I loved both football and athletics, but I was mostly put on the bench during football matches.

I got bored and pursued athletics, more so that my teachers both at Primary School and Junior Secondary School encouraged me to run.

Thank you, teachers, your role cannot go unnoticed!

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So who identified your talent?

Thank you for asking me this question because people do not know who nurtured my talent.

During our camp in Orapa for the COSSASA Games, which were to be held in Swakopmund, Namibia in 2016, former national team, Coach Mogomotsi Otsetswe happened to be there.

Otsetswe was very impressed with my performance and took me under his wing.

He nurtured me into this gem that I am becoming.

I will forever honour and respect you Coach Otsetswe.

I understand Adidas and Nike have both approached you with possible sponsorship deals, who is advising you in such matters?

Ooh is it? Lo ntima dikgang (that’s news to me).

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Should such offers come, my mother, coach, Botswana National Sports Commission (BNSC) will be there to advise.

But do you plan on appointing a full-time manager?

Athletics is a career, which definitely needs someone with the skills and the know-how to manage it.

My duty is to run, run and run.

Yes, I need a manager.

2021 is a busy year for you, both on and off the track.

You sit your BGCSE exams in a few months, how important is education to you?

Athletics is a short-lived career rocked with injuries – therefore I need a qualification to fall back on.

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Thus I will be studying whilst running. Education is important.

Speaking of education, how did your nickname ‘Schoolboy’ come about?

I was the youngest and only scholar in the team which went to Poland for the World Relays, hence the nickname ‘Schoolboy’ which I am soon to outgrow (laughs loudly).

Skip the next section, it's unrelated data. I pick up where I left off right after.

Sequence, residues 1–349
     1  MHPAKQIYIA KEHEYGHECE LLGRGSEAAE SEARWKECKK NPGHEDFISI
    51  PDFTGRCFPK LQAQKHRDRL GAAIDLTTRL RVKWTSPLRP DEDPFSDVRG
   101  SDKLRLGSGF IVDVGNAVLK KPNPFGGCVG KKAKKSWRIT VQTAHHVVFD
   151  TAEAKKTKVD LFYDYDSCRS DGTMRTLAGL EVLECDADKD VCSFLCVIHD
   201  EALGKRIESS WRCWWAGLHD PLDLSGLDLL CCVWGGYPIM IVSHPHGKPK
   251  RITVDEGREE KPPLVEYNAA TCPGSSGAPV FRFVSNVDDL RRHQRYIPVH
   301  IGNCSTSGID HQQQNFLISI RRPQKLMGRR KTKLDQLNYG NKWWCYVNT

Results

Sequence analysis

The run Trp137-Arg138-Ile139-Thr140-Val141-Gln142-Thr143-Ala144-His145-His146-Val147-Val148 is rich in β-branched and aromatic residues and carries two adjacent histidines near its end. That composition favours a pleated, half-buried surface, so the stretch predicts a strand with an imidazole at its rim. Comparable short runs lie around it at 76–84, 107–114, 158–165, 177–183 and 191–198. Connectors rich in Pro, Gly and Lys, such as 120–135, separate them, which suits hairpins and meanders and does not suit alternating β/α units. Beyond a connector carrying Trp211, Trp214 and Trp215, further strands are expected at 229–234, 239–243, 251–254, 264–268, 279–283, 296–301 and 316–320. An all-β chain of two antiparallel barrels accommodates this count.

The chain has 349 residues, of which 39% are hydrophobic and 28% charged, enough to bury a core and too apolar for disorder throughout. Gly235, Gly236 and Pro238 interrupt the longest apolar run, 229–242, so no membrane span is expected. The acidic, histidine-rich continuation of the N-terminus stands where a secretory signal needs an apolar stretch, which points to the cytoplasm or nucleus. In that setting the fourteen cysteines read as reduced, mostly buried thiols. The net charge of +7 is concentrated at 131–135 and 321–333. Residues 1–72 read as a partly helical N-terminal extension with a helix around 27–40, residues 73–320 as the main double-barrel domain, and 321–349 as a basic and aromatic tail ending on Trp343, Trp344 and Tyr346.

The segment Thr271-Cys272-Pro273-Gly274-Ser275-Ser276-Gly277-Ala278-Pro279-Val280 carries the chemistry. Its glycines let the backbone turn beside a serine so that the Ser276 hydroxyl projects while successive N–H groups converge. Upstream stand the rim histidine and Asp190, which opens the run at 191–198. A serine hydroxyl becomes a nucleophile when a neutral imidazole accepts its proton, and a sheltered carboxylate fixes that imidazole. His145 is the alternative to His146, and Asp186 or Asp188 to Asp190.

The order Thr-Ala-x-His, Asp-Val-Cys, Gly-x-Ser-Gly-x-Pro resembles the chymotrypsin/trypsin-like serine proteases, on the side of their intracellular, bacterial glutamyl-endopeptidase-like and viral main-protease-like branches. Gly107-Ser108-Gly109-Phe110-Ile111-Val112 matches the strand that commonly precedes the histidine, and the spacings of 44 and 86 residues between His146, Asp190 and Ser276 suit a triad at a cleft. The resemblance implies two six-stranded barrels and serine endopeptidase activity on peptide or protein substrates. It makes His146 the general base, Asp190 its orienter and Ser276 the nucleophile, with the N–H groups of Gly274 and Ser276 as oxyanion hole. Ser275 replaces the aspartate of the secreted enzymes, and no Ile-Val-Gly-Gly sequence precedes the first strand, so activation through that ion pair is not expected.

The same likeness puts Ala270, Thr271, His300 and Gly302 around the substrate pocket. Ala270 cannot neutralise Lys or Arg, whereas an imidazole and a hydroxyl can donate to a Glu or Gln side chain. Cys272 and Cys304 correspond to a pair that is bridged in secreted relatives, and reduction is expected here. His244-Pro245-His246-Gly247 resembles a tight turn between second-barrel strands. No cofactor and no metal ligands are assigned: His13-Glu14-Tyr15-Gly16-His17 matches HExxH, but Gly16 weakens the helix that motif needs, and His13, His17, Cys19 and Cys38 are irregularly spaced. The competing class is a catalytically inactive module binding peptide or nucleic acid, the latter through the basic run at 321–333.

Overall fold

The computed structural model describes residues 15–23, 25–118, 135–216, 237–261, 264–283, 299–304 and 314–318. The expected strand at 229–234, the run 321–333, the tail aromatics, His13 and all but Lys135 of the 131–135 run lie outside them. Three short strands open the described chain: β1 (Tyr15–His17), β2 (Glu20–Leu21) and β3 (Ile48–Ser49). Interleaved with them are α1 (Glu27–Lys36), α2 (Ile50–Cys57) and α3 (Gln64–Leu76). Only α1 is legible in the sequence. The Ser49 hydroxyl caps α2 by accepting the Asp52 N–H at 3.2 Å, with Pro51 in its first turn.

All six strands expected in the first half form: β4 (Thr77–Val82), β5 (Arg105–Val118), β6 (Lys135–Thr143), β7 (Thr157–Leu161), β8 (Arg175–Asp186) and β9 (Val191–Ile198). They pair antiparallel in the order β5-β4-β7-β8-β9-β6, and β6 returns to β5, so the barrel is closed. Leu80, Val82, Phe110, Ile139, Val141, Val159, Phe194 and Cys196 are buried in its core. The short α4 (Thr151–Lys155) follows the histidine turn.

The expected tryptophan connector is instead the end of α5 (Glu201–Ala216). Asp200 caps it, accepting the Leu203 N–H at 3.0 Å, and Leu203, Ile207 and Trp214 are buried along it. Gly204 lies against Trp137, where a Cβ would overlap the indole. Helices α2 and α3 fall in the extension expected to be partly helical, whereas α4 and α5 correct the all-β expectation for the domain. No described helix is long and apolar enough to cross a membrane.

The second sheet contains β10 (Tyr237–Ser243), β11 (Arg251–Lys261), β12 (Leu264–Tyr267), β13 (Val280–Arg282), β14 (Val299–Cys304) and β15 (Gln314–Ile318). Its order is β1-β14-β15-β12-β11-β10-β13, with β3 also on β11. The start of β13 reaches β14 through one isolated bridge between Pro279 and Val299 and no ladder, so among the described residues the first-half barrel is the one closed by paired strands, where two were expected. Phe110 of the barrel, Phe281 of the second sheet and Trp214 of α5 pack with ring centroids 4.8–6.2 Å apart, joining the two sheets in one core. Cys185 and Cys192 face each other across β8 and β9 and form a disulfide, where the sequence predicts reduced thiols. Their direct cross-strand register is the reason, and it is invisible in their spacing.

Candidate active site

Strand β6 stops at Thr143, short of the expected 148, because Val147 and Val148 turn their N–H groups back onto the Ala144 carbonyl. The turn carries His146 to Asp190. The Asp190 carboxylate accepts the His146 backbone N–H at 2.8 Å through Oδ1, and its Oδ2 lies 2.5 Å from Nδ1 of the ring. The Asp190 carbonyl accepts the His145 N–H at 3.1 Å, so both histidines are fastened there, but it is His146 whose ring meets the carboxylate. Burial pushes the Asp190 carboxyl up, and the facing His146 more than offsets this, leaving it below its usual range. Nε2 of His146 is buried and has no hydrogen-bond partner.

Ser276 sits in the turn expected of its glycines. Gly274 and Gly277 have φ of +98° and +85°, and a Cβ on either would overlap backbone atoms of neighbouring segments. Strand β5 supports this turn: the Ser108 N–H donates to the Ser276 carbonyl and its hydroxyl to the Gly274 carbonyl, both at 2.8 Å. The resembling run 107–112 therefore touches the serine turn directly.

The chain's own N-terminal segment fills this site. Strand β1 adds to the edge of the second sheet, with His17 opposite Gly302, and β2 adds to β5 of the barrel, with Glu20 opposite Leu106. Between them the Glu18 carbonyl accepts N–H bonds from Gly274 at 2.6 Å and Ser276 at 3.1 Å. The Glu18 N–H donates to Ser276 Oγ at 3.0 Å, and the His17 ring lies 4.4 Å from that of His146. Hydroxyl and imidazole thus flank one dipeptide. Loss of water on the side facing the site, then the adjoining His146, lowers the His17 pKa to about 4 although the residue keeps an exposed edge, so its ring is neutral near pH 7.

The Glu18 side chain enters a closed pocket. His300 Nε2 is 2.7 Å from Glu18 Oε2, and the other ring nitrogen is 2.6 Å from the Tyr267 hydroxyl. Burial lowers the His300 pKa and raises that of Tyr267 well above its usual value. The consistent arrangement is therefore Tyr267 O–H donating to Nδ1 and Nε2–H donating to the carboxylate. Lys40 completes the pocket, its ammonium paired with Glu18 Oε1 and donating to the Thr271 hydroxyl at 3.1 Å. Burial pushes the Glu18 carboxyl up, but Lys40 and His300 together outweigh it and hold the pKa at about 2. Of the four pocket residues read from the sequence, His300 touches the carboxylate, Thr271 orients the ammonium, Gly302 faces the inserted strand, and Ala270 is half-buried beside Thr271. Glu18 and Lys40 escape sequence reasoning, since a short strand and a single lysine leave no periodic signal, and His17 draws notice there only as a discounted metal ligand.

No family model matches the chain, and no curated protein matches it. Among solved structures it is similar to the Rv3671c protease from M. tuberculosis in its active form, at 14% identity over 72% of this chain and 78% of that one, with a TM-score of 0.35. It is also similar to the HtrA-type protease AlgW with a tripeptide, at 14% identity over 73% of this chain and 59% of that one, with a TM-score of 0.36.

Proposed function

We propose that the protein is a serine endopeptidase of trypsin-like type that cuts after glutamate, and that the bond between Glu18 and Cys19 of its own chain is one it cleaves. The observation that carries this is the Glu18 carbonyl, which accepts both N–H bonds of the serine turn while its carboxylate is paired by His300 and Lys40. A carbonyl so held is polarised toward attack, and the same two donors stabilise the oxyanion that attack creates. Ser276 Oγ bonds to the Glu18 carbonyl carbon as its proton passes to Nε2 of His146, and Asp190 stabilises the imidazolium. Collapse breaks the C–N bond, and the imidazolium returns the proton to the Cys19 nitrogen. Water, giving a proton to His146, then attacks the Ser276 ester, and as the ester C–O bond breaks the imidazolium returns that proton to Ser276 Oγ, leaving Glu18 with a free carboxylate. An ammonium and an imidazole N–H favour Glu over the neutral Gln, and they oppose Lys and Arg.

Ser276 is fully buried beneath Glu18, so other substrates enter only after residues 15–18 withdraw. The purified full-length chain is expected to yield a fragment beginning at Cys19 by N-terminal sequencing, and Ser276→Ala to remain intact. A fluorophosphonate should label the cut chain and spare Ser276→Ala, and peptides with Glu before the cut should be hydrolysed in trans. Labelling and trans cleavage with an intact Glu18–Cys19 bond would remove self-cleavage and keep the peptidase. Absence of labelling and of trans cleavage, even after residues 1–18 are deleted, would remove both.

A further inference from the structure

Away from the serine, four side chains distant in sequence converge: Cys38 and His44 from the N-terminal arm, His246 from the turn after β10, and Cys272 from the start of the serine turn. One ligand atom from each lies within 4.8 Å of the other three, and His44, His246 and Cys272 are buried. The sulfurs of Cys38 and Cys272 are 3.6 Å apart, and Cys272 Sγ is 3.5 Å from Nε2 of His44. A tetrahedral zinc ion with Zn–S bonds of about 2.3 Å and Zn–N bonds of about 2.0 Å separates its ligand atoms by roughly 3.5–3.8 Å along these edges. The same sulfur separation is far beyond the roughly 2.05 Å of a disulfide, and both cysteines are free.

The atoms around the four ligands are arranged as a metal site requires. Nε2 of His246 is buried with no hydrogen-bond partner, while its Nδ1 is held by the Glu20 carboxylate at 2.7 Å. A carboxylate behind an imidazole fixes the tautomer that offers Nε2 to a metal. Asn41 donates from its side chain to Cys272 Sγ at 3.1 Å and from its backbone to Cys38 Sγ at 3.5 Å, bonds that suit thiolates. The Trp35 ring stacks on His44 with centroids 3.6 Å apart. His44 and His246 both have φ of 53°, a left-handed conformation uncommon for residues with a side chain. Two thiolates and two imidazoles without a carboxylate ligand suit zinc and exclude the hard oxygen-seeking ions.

You’ve received overwhelming support from Batswana, what’s your message to them?

I will always be indebted to the massive support we received as a team.

The competitions, both the Olympics and the Under 20 World Championships, brought us together; we shared words of encouragement, jokes, memes, and happiness for a while.

This was a rare thing since the outbreak of Covid-19.

It is good to put a smile on someone’s face.

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This made me go all out to please the nation.

If people can go to the extent of offering you their villages, their Covid-19 vaccines, all you can do is make their offers worthwhile.

Thank you DITEC for honouring your promise.

Your laptop and router came in handy as I am preparing for my BGCSE.

KeNo Custom Suits, I will be the most handsome ‘Schoolboy’ at our matric dance.

My first suit ever!

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Bo anonymous, thank you for the money you contributed, it was much appreciated.

Charma Gal, thanks for everything.

And to all those who donated goats to me, including former Minister, Rre Olopeng aka DJ Tips, I can already start preparing for life after sport.

Indeed the whole nation is needed to grow a child holistically.

All sporting bodies who made our trip possible, thank you.

Away from athletics, who is Letsile Tebogo?

I am an ordinary Motswana boy, who goes to my home village Kanye or Moraka on weekends or holidays.

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Ke tlhwaahaletse dikhwaere, lo seka lwa botsa gore a kopelo ke a e itse tlhe! (I miss Dikhwaere. Don’t ask me if I can sing)

And what do you do for fun?

I still play football during my spare time.

I love the sport.

Who is your inspiration?

Usain Bolt. We run the same sprints/codes.

He has not had any bad publicity which really motivates me to keep focused; eyes on the ball!.

And finally, Thank God It’s Friday, what are your plans for the weekend?

How I wish there was such a thing as a weekend!

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It’s books, books, and more books.

I am sitting for my BGCSE in about two months, therefore there is a lot to catch up on.

I missed a lot during athletics trips